If the backup RB is talented, I will handcuff…sometimes even if he isn’t talented
Fantasy players can be divided on whether or not to handcuff. Some like to spread their seeds into many situations and hope to hit on multiple RBs, after all starting RBs are very valuable. Everyone plays the game different when it comes to being aggressive or safe. Playing without a handcuff, in actuality, is an aggressive move. For fantasy players to score, they need opportunity. Injuries create opportunities. When you have a player like a Knile Davis, you know that when he plays for an injured Jamaal Charles he will put up solid fantasy numbers. No brainer right? Of course, because Davis has NFL-caliber talent and simply needs opportunity. Then you have the Minnesota situation from this year. Matt Asiata is widely considered a plodder with not much to offer to the NFL. Knock-knock, it’s me, Opportunity. Asiata finished as a high-level RB2. Let that sink in. Admittedly, he was an infuriating player that was prone to underpant-squelching failure, or he might score three TDs and win your matchup. Never underestimate the power of touches and opportunity.
I will end the nonsense of low-ball trade offers
Many of us have had those nights of staying up far too late trying to hash out a trade. Things go back-and-forth about 50 times, eventually someone gets tired and calls it a night, then you wake up the next morning to see your trade partner made a move with someone else in the league. It takes a few hours of calming down for you to maintain your Bruce Banner and not Hulk smash your laptop into a thousand pieces. These scenarios often start with a low-ball offer. We all have this idea of negotiation ingrained inside of us, “never start with your best offer” is what my Gramps would say. What if they will accept something lower? Problem. All of us think the first offer is not the best offer. Let’s all agree to send quality offers and end these primitive fantasy negotiation tactics. Imagine a world where a trade offer can be sent, discussed, and executed or denied in a few moments instead of all weekend.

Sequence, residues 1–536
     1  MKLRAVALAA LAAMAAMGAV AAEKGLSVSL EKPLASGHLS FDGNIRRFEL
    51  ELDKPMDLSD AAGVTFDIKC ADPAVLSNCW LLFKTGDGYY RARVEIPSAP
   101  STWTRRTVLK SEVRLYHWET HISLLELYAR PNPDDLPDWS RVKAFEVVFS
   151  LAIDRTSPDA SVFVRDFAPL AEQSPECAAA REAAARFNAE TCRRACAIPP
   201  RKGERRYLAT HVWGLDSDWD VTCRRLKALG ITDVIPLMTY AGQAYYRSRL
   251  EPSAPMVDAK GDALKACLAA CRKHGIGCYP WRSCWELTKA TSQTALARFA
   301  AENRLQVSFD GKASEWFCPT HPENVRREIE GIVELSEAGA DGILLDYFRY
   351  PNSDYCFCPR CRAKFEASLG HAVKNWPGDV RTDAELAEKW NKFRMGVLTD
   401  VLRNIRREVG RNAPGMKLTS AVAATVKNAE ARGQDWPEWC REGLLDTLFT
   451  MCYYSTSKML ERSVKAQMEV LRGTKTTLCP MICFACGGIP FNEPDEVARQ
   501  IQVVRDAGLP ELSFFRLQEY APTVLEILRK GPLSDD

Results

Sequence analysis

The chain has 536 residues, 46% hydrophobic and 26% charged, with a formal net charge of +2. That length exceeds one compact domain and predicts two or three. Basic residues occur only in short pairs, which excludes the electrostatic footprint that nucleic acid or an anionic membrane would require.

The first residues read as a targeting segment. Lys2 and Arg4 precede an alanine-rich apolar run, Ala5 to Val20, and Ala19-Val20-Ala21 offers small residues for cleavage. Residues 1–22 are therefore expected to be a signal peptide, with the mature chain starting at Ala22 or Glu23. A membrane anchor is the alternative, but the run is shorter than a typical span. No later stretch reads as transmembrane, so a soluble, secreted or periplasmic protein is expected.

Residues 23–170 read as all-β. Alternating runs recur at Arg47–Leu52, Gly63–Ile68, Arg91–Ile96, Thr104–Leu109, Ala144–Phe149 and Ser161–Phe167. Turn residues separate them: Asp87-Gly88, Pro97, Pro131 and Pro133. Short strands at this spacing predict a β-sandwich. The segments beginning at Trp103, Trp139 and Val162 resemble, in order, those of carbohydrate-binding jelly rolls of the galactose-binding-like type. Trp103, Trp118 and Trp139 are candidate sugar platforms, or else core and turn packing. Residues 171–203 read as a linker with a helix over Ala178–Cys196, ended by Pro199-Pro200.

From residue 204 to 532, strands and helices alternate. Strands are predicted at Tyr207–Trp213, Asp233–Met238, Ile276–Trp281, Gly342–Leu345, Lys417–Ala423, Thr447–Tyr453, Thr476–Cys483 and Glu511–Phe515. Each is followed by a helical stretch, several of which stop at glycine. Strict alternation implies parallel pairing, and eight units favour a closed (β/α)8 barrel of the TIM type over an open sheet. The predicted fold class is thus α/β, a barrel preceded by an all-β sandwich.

I will not panic at 0-3
Because of the short season of football, fantasy wins and losses are magnified to an unhealthy degree. Teams will go 0-3, 0-4, and decide the season is over for them. Not only is this defeatist thinking (stay positive folks!), it’s a heavy misconception. Teams that start 0-4 constantly bounce back and make the playoffs. Teams that start 5-0 can hit a bad injury and fall out of the playoffs. Until the math says your team is eliminated, it is still in title contention. I specify title contention, because the playoffs are a wild and unpredictable beast. Your 6-7, 7-6 team may limp into the playoffs and carry you to an offseason of glory! Try to keep a fragment of level thinking and perspective on wins and losses and things will turn out.
I will not be a gracious or quiet champion
When we step back and take a grandiose look at fantasy football, it’s actually pretty silly. We are betting on players we have no individual control over and allowing their results to shape our happiness on a weekly level. Silly? Yes. Amazing? Yes. Why does the victory of fantasy football bring us such exhilaration? Well, sometimes it’s a big financial payoff, but other times you get eight months where you can talk the filthiest, nastiest junk you want because you are the champion! If your league has a trophy, take that thing everywhere. Going to Disneyland? Take the beast on the Haunted Mansion! Going bass fishing? Let the trophy hold your beverage! Throwing a party where you know members of your league will be attending? BOOM! Instant centerpiece! Going through an entire offseason with the same voracity can be tiring. Talking garbage as the champion can be lonely and exhausting. You may even feel like it’s losing it’s impact. Suck it up! Your name is in the lights, live like it! Your league is hearing and remembering every negative comment you have. Remember, the only thing better then winning, is winning when people desperately want you to lose!